Monday, 27 February 2017

Working out holiday costs

One thing about my caravan holidays is that you can estimate the cost of them quite accurately. The day to day cost of groceries needed, lunches, admissions, and so forth will be just the same as back home - so I don't have to make any allowance for those things. Club site fees are extra of course, but I know how many nights I'm going to stay at each site, and exactly what those nightly fees will be.

Car fuel for towing the caravan from place to place, and driving around unhitched, is also extra. It's the biggest unknown. How do I work it out?

Well, I keep a record of mileages covered, and the average fuel consumption according to Fiona's calculations. On a spreadsheet, naturally! Here's the part that recorded my 2016 caravan trips (click on it to enlarge):


That record updates the picture revealed in previous years. And I can base my initial 2017 cost calculations on it. It tells me that in 2016,

# On average, I towed the caravan 139 miles between one place and the next. The least distance was 57 miles. The most, a rather tiring 232 miles. 139 miles would in fact be the sort of distance I'm most happy with.

# On average, I drove 46 miles for every night I was staying at a caravan site. This is exploring the local area, with the caravan left behind at the site, as my base. If the weather is OK, I don't linger at the caravan. I want to get out and around.

# On average, Fiona achieved 23.7 mpg when towing, and 32.5 mpg unhitched and on her own.

I can use this data to estimate what an entire holiday is likely to cost. I need to know just one more thing: the distances between home and the sites I want to visit. For that I use a diagram I've built up from my mileage records. Here's a close-up of the bottom half:


As you can see, estimated distances are written in using pencil, then over-written in black ink once I've actually made the journey. It's easy to work out from the diagram what my towing mileage will be. The next outing, for instance:

Home to Lyme Regis in Dorset: 161 miles, as previously recorded after making the journey.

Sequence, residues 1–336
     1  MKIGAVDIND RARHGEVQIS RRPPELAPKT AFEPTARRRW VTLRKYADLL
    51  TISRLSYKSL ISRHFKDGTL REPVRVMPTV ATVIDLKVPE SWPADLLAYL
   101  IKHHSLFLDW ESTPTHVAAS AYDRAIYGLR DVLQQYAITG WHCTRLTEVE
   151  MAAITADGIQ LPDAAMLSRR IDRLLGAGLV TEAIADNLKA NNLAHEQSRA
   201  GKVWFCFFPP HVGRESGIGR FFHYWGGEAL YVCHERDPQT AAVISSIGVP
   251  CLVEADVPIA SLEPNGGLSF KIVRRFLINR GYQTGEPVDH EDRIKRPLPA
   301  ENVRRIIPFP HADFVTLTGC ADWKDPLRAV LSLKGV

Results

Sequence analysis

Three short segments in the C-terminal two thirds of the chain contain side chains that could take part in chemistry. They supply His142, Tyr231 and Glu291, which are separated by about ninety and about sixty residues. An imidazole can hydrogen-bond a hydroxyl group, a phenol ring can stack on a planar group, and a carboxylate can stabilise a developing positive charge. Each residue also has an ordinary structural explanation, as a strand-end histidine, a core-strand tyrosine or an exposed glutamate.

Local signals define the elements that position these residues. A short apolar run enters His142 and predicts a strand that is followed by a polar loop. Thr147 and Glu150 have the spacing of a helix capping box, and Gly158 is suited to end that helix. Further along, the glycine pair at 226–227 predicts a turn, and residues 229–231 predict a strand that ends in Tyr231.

Lyme Regis to Carnon Downs in Cornwall: estimated (from a road atlas) at 120 miles. 
Carnon Downs to Great Torrington in North Devon: estimated at 90 miles.
Great Torrington to Cheddar in Somerset: estimated at 100 miles.
Cheddar to Home: 152 miles.
TOTAL TOWING MILEAGE for the holiday - the initial estimate, anyway: 623 miles.

That towing mileage figure of 623 miles is what I want. I then insert that and other figures into another spreadsheet, which number-crunches everything and gives me an estimate of the overall fuel and site cost of my holiday:


I'm away 22 nights at a booked total site cost of £363.50

The towing mileage will be the 623 found from the diagram. And while on site, I expect to cover 990 miles (that's 22 nights x 45 miles per night). 

The diesel fuel cost while towing should be £152 (that's £5.60 per gallon x (623 miles/23 mpg). 

The diesel fuel cost while on site should be £173 (that's £5.60 per gallon x (990 miles/32 mpg). 

The spreadsheet works it all out, and tells me that overall I should expect to pay £688 for fuel and site fees. Which I round up to £700.

There is a hidden bonus for me. £700 may sound a lot, but it includes all fuel. And yet if I were still at home, I would have used up at least £3 per day by way of fuel. So that £3 a day becomes available instead for additional (and possibly frivolous) personal holiday spending. Let's say 22 x £3 = £66 to blow on something while I'm away, and still break even. I'll look forward to doing it. And it won't be £66 worth of ice cream!

The diagram covers quite a large part of the UK, right up to the extremities of Wales and the far north of Scotland:


It includes a few journeys that I haven't yet actually made. I would in each case have almost committed myself, but then found myself thwarted by illness or a lack of funds. However, it's merely a pleasure postponed. 

You can see how certain sites have become 'jumping-off points' for going off in various directions, such as the ones at Cirencester and Stamford. 

You can also see that Kent and most of East Anglia are not currently being visited. Kent is too close (and familiar) for a holiday. And the Essex and Suffolk coasts are hard to get to, partly because London is in the way, and partly because there is never a good time to use the Dartford Crossing. In any case, the more scenic west and north call to me far more strongly. 

(You know, that's a hand-drawn map. And it's getting scruffy. I really need to construct a digital version, showing sites and mileages just the same, which I can update easily and neatly. I must work on this) 

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